The police chief of Jefferson, Georgia was indicted this week on 30 counts of theft and invasion of privacy charges. According to the indictment, the chief was unlawfully using his access to the Georgia Crime Information Center to run background checks for his wife’s security business. He is also charged with using city property to benefit his wife’s business.
The indictment is the result of a two-year investigation by the GBI. The chief is being represented by Mike Bowers, the former Georgia Attorney General and an excellent lawyer. The chief’s surrender to the local jail was covered by the Athens Banner-Herald.
It appears that Bowers has already started to fight. He filed a motion to dismiss the indictment because his client was not allowed to appear as a witness before the grand jury when it considered the charges against him.
He has a good argument. Georgia law provides as follows:
Section 17-7-52 of the Georgia Code: (a) Before an indictment against a present or former peace officer charging the officer with a crime which is alleged to have occurred while he or she was in the performance of his or her duties is returned by a grand jury, the officer shall be notified of the contemplated action by the district attorney of the county wherein the grand jury shall convene and the officer shall be afforded the rights provided in Code Section 45-11-4. (b) The requirements of subsection (a) of this Code section shall apply to all prosecutions, whether for misdemeanors or felonies, and no such prosecution shall proceed either in state or superior court without a grand jury indictment.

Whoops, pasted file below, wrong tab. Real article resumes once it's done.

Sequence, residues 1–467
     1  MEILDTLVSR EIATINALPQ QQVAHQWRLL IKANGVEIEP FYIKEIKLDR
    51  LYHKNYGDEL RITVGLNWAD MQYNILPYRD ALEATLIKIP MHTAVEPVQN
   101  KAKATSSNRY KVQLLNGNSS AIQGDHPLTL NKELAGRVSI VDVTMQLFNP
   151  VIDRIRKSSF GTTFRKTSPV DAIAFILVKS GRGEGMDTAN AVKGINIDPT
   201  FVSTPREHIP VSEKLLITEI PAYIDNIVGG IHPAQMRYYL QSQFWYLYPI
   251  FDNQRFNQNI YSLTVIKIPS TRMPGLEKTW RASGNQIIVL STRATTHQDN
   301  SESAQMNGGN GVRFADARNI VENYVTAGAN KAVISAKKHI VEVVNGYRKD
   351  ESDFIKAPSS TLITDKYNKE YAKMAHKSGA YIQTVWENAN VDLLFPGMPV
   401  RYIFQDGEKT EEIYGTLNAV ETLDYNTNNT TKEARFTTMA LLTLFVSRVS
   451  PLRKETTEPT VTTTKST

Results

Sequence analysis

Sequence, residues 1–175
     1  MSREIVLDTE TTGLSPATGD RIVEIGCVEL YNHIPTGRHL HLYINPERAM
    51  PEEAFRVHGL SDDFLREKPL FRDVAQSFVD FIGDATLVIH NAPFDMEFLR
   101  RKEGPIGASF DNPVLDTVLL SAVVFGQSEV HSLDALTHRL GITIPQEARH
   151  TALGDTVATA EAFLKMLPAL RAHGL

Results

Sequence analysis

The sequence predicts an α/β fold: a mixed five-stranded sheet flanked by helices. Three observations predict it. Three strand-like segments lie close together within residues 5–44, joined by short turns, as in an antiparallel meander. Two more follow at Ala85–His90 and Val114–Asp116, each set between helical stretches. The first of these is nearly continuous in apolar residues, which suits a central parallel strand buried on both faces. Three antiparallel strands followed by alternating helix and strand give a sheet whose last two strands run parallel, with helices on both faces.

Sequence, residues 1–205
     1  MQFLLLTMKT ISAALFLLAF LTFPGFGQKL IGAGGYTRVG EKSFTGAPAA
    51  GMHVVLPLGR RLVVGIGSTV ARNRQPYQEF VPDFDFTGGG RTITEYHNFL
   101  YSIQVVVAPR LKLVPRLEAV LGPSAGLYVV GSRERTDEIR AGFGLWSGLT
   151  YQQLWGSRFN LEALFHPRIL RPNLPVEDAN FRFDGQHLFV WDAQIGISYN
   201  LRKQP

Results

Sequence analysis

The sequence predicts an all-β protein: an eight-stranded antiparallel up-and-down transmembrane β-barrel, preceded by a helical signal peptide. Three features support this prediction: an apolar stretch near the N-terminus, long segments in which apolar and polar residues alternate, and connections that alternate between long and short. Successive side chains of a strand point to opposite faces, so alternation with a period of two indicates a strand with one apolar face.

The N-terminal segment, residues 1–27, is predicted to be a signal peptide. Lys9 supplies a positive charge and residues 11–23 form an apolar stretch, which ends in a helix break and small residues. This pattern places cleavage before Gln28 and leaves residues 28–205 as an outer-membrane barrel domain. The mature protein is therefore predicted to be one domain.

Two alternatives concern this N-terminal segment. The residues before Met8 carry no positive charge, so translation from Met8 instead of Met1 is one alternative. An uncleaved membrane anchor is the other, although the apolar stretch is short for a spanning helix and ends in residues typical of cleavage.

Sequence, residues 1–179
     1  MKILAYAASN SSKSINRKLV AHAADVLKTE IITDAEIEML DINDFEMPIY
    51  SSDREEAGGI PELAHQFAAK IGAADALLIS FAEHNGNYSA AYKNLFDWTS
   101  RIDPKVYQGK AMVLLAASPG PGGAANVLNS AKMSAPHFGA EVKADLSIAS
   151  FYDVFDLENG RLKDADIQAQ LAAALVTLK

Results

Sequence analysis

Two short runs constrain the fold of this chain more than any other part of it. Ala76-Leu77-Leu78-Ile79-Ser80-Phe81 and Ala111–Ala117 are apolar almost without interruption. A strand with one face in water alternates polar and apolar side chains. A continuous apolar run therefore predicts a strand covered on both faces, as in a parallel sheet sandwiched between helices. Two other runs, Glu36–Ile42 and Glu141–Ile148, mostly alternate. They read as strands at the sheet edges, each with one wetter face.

This means that police officers charged with serious crimes in Georgia have a legal right to appear before the grand jury considering the charges against them. They get to make a statement and sit through all the other evidence, but they do not have to answer any questions. Even their lawyers get to sit in.
The DA’s know this and try to get around the statute. Their argument is usually that the cop was not “performing his duties” because he was violating the law. Of course, that begs the question. You can’t assume that the officer is guilty until he is indicted and convicted. Until then, he is presumed innocent like everyone else.
Our firm has represented several police officers charged with crimes, in both Georgia and federal courts. (Read the local media coverage of our work in these cases.) In my experience, Bowers is right. Grand juries are reluctant to indict police officers when the officer is able to speak directly to them and explain the circumstances that led up to the allegations. I have never had one of my officer clients indicted after they appeared before the grand jury considering the charges.
Of course, it helps to have a client who is not guilty. We’ll see how this case turns out.